Have you ever entered a garbage room in Sweden? If you have did you find it logical or just plain confusing? There actually is a really good set-up for it, with different containers for the different materials you are supposed to sort out and recycle. The main different types being; cardboard, paper (newspapers), plastic, metal, compost and batteries.
To make things easier for people and to encourage them to actually compost, many municipalities provide brown compost paper bags for people to use for free.
Since the garbage collection is run by the municipality people have to pay a fee (either included or excluded in their rent) for garbage collection.
Almost all of the paid income tax goes straight to the municipalities. In exchange it is their responsibility to provide healthcare, education, garbage removal etc. The municipality usually employes different companies to do this. In most cases around Sweden ( if not all ) there are recycling containers in the nearby vicinity and it is not uncommon to have a garbage room in the same or next door building.
Here come some pictures of what the containers look like, in case you want to try out the whole recycling experience.
This is the container for the “normal garbage” ie. Everything that can’t be separated into all the other containers. Brännbart means burnable.
This is the container for cardboard, hard paper and newspapers. Pappersförpackningar means paper containers.
This is the container for both hard and soft plastic. Plastförpackningar means plastic containters. Hård means hard and mjuk means soft.
As you by now might have guessed förpackningar means packaging/containers, so this time it is for metal.
Färgat glas means colored glass.
So this one must mean uncolored glass.
Komposterbart means that it is compostable!! Woopie! Though you shouldn’t put lemons, limes or banana peels in here since they take such a long time to disintegrate.
Deponirest can be translated as “Landfill waste”, meaning that it can’t be recycled, burned or reused. So it gets collected and used as a “filler” on some garbage tips, depending on the location. Things that get recycled here are usually made up out of several different materials, making it hard to recycle because they are hard to separate.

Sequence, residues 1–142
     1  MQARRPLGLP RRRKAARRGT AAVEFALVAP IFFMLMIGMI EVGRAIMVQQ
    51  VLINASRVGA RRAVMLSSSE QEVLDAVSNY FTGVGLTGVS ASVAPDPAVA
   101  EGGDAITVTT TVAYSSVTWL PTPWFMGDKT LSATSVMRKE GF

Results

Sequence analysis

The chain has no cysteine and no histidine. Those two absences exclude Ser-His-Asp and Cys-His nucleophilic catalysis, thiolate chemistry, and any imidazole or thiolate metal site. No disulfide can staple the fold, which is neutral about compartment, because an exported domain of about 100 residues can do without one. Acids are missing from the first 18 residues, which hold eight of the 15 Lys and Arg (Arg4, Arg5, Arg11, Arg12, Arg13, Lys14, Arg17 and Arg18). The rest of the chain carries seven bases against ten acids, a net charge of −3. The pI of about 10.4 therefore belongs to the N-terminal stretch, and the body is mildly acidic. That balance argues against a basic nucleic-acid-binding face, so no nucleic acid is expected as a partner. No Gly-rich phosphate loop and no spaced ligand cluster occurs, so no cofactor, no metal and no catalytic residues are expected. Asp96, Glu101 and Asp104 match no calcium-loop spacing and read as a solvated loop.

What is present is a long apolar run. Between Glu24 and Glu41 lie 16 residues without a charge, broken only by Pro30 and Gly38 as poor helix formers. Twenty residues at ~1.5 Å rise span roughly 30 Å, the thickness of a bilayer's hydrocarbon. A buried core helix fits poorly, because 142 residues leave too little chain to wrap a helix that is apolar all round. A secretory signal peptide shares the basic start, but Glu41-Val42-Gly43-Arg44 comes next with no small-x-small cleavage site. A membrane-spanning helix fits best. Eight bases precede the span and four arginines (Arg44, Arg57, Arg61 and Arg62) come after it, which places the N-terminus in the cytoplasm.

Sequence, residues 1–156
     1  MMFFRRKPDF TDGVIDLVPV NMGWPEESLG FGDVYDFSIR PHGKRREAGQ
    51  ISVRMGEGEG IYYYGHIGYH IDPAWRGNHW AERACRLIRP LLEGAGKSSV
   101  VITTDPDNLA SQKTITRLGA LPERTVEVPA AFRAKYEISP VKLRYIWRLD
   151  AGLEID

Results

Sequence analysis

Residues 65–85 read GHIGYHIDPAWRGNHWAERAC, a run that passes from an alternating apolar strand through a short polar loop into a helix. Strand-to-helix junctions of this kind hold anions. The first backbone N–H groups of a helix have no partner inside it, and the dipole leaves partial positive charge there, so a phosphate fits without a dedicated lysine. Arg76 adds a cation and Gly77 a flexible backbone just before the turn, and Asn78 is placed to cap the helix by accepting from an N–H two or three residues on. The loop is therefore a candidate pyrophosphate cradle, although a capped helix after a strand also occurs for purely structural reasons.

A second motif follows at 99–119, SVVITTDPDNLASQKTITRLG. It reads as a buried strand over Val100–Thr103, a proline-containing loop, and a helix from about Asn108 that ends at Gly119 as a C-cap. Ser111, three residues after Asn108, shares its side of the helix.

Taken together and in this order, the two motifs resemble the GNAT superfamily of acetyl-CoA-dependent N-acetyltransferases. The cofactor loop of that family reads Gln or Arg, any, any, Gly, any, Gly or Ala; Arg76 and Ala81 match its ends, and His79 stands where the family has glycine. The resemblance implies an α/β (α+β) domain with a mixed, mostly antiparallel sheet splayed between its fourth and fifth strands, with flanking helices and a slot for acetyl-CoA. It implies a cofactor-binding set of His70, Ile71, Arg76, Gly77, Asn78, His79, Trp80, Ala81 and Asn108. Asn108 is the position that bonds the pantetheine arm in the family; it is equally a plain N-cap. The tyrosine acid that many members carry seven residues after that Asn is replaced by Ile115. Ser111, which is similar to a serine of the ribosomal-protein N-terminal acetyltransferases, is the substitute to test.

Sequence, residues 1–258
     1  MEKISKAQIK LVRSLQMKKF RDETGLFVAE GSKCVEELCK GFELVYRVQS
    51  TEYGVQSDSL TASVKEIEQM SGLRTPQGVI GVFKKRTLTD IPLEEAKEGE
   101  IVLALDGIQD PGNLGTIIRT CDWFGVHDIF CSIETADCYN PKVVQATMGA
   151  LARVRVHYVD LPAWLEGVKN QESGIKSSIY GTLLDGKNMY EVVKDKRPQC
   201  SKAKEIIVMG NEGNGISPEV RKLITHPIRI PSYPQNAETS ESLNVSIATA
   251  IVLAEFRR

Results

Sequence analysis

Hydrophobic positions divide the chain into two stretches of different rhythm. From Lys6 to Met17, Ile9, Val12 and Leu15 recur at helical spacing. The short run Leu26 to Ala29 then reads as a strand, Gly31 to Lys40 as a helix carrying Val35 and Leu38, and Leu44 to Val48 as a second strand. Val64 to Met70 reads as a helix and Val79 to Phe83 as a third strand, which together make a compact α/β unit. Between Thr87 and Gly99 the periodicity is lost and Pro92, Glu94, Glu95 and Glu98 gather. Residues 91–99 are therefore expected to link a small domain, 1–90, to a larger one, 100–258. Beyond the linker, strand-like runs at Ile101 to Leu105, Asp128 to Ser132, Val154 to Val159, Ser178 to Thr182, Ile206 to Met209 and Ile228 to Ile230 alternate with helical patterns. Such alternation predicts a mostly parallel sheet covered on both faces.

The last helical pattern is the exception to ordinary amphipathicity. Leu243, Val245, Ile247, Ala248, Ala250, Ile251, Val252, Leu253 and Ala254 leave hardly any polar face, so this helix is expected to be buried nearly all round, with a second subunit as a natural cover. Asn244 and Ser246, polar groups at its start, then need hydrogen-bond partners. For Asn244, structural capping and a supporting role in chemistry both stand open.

This is what a Swedish soprum looks like.
Here come some uplifting facts about recycling in Sweden: (The facts are according to a Swedish site which was made to help the public understand how Sweden takes care of it’s garbage. Check the site out here)
- Sweden recycles the most electronic waste / capita in the world.
- About half of the waste that gets taken to the tip gets recycled in Sweden.
- 99% of all the 33cl bottles which have a deposit on them get recycled.
- 75% of all packaging gets recycled.
- Swedish recycling saves 6,2 million tons of CO2 emissions.
- If you recycle your newspaper then with the saved energy you can make 38 cups of coffee.
- Every third paper bag at supermarkets in Sweden are made from recycled paper.
- Sweden recycles 98% of it’s household waste.
- If everybody recycled their bottle caps there would be enough steel to make 200 cars /year. (That is if we wanted to continue making more cars).
- Half of all the steel used in the world today comes from recycled iron.
Don’t you just feel inspired to start recycling, if you haven’t been doing so already?
Is Sweden is world leading when it comes to recycling do you think? Do you know of any other countries which have developed their recycling systems to an ever greater extent than Sweden? If you do, please share. Recycling is actually a subject talked a lot about in Sweden. It symbolizes what simple things can be done for the environment at the level of the individual.